Article

Jean de Cayeux

[Robert des Ruines]

(b Paris, May 22, 1733; d Paris, April 15, 1808).

French painter, draughtsman, etcher and landscape designer. He was one of the most prolific and engaging landscape painters in 18th-century France. He specialized in architectural scenes in which topographical elements derived from the buildings and monuments of ancient and modern Italy and of France are combined in often fantastic settings or fictitious juxtapositions. The fluid touch and rich impasto employed in his paintings, also shared by his friend Jean-Honoré Fragonard, are matched by the freedom of his numerous red chalk drawings and the few etchings that he is known to have produced.

Robert’s father was an official in the service of the Marquis de Stainville whose son, the Comte de Stainville (later Duc de Choiseul), became the young artist’s protector. According to Mariette, Robert learnt drawing as a pupil of the sculptor René-Michel (Michel-Ange) Slodtz, although other sources suggest, improbably, that he studied with the painter Pierre-Jacques Cazes. It is certain, however, that he received a classical education in Paris, at either the aristocratic Collège de Navarre or the Collège de Beauvais....

Article

Rococo  

Richard John and Ludwig Tavernier

A decorative style of the early to mid-18th century, primarily influencing the ornamental arts in Europe, especially in France, southern Germany and Austria. The character of its formal idiom is marked by asymmetry and naturalism, displaying in particular a fascination with shell-like and watery forms. Further information on the Rococo can be found in this dictionary within the survey articles on the relevant countries.

Richard John

The nature and limits of the Rococo have been the subject of controversy for over a century, and the debate shows little sign of resolution. As recently as 1966, entries in two major reference works, the Penguin Dictionary of Architecture and the Enciclopedia universale dell’arte (EWA), were in complete contradiction, one altogether denying its status as a style, the other claiming that it ‘is not a mere ornamental style, but a style capable of suffusing all spheres of art’. The term Rococo seems to have been first used in the closing years of the 18th century, although it was not acknowledged by the ...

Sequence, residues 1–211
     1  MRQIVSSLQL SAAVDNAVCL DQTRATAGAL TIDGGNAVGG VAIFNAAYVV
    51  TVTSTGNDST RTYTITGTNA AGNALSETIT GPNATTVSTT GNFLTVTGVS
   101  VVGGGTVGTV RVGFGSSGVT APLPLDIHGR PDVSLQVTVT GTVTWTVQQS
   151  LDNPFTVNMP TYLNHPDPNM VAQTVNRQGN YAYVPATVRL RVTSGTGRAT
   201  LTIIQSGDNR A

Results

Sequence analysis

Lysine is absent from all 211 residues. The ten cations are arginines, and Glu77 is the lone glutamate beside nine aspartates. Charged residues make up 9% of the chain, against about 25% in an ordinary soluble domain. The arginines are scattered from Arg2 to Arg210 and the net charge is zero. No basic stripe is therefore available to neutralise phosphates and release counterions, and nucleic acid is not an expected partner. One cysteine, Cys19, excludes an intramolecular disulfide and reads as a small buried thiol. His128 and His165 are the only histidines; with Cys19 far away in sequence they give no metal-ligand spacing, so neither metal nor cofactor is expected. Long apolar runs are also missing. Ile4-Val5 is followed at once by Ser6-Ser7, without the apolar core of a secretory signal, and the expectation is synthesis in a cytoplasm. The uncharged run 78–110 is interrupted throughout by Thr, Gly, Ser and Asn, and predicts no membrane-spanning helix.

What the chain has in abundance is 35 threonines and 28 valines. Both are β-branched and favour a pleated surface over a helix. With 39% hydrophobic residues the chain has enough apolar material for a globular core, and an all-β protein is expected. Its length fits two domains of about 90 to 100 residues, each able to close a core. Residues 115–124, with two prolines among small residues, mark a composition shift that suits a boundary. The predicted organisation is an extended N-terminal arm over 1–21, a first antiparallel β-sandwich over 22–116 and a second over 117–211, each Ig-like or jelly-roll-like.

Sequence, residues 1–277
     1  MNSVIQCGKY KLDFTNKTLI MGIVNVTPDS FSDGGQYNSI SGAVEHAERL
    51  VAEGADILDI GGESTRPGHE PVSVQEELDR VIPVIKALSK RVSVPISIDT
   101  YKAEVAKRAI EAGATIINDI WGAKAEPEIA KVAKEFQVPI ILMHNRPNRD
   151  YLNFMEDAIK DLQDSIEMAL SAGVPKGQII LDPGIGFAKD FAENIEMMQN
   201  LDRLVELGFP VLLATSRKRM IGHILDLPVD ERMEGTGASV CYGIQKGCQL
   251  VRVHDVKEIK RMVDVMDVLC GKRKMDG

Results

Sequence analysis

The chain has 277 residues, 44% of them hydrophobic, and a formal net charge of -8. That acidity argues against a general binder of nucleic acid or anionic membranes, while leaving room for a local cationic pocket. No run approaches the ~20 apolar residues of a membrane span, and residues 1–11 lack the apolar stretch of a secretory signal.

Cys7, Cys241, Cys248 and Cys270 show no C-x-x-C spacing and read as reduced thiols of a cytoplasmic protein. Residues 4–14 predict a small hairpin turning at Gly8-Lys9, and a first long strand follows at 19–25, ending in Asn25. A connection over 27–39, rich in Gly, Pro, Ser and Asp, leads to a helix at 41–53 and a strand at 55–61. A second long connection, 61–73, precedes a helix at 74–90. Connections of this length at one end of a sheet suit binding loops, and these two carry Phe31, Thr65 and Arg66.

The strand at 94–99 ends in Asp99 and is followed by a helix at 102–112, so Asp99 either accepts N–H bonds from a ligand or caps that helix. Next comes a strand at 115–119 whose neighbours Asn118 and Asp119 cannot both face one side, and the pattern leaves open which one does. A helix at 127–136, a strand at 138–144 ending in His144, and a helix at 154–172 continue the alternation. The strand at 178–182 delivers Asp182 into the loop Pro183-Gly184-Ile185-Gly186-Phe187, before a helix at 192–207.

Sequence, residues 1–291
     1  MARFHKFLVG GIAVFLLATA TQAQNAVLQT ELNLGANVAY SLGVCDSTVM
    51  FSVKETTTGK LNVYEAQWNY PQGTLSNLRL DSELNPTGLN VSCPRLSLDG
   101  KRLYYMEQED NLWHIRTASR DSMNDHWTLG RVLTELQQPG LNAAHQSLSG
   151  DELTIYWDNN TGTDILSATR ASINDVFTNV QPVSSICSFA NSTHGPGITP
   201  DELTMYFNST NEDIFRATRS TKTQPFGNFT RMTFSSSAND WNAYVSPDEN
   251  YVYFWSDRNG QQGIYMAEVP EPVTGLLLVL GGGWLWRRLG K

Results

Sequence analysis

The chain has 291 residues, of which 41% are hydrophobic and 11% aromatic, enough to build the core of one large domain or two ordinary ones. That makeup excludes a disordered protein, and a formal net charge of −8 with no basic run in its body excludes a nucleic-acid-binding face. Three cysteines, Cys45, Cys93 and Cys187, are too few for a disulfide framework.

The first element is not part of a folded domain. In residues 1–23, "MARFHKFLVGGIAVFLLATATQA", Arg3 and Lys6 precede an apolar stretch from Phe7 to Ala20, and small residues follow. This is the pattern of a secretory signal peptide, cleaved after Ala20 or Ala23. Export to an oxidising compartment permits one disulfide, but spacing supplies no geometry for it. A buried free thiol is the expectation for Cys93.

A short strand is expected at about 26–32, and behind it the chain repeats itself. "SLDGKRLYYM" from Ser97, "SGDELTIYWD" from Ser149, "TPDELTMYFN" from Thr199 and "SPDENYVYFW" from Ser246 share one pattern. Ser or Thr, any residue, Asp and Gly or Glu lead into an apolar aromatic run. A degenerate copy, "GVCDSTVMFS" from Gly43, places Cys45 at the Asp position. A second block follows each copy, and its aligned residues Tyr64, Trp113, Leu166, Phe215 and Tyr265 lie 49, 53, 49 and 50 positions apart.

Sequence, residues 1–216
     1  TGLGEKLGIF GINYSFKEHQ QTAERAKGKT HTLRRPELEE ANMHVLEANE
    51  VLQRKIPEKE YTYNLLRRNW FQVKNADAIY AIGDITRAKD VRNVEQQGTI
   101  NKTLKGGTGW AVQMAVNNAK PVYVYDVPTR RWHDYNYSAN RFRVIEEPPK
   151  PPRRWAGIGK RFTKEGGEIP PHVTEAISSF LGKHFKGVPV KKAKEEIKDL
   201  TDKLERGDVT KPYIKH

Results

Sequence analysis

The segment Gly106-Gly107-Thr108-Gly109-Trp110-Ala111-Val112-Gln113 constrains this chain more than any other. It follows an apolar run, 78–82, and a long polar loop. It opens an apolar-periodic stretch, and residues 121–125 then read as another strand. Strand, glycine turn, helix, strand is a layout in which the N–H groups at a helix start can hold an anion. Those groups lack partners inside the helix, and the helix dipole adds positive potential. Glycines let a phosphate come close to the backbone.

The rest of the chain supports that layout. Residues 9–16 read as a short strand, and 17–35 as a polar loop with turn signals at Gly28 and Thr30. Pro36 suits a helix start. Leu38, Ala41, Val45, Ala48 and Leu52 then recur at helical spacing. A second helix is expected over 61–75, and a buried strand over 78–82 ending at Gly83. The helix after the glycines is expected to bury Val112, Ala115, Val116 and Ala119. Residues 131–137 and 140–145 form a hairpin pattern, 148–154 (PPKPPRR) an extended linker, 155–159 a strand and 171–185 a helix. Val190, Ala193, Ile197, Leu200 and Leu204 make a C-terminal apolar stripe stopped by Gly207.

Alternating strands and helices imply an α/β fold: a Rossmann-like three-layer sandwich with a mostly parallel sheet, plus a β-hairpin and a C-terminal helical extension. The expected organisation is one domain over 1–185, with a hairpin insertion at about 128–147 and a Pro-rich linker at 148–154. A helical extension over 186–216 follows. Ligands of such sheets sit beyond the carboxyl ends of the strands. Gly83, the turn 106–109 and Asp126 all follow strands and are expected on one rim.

Article

Ukrainian, 20th century, male.

Born 1925, in Kertch (Crimea).

Painter, draughtsman. Historical subjects, genre scenes, landscapes, gardens, architectural views, seascapes, flowers.

Piotr Stolerenko attended the Aivazovsky academy of fine arts and was a pupil of Nikolai Barsamov. He was a member of the Association of Artists of Revolutionary Russia, and was named Artist of the People. He lived in Yalta and liked to express the gentleness and light of the Crimea in his landscapes. He also painted historical revolutionary paintings. He participated in important official exhibitions in his country, and he was one of the artists representing 'Russian Art' in London in ...

Article

Yugoslav, 20th century, male.

Active in France.

Born 11 November 1936, in Vodenica, Bosnia.

Painter. Scenes with figures, interiors with figures, urban landscapes, architectural views, gardens, still-lifes.

Marco Stupar took drawing classes in Belgrade from 1961 to 1964, then settled in Paris. He painted the popular streets and public gardens of Paris with figures, and captured the atmosphere of Venice caffés and the intimate, serene charm of interiors, using ranges of yellows, reds, blues and oranges. He was awarded a silver medal in 1978 and a gold medal in 1981 by the Salon des Artistes Français. In 1981, he was appointed a member of the Taylor Foundation in Paris....

Article

Monica E. Kupfer

(b Horconcitos, Chiriquí, Feb 11, 1927).

Panamanian painter, ceramicist, printmaker, tapestry designer and landscape architect. He studied both architecture and painting in Panama, holding his first exhibition in 1953; he then continued his studies in Madrid (1954–8) at the Real Academia de Bellas Artes de San Fernando, at the Escuela de Cerámica de la Moncloa and at the Escuela Superior de Arquitectura. In 1959 he returned to Panama, where he began a long teaching career at the Universidad de Panamá. In the early 1960s Trujillo painted social satires, such as The Commissioners (1964; Panama City, Mus. A. Contemp.) with small monstrous figures in cavernous settings. Later his palette brightened as he turned to new subjects based on nature, including numerous still-lifes and semi-abstract paintings with botanical allusions, for example Still-life with Fruit (1975; Washington, DC, A. Mus. Americas).

Always a versatile and prolific artist, in the 1970s and 1980s he based his subjects both on his rich imagination and on his knowledge of Panama’s indigenous cultures. He made recurring reference to the patterns of pre-Columbian ceramics, natural and biomorphic forms, mythological and primitive figures, and Indian symbols and ceremonies, all treated as elements of an iconography strongly related to his Panamanian origin. Although generally classified as belonging to the return to figuration among Latin American artists, he ranged stylistically from realism to abstraction....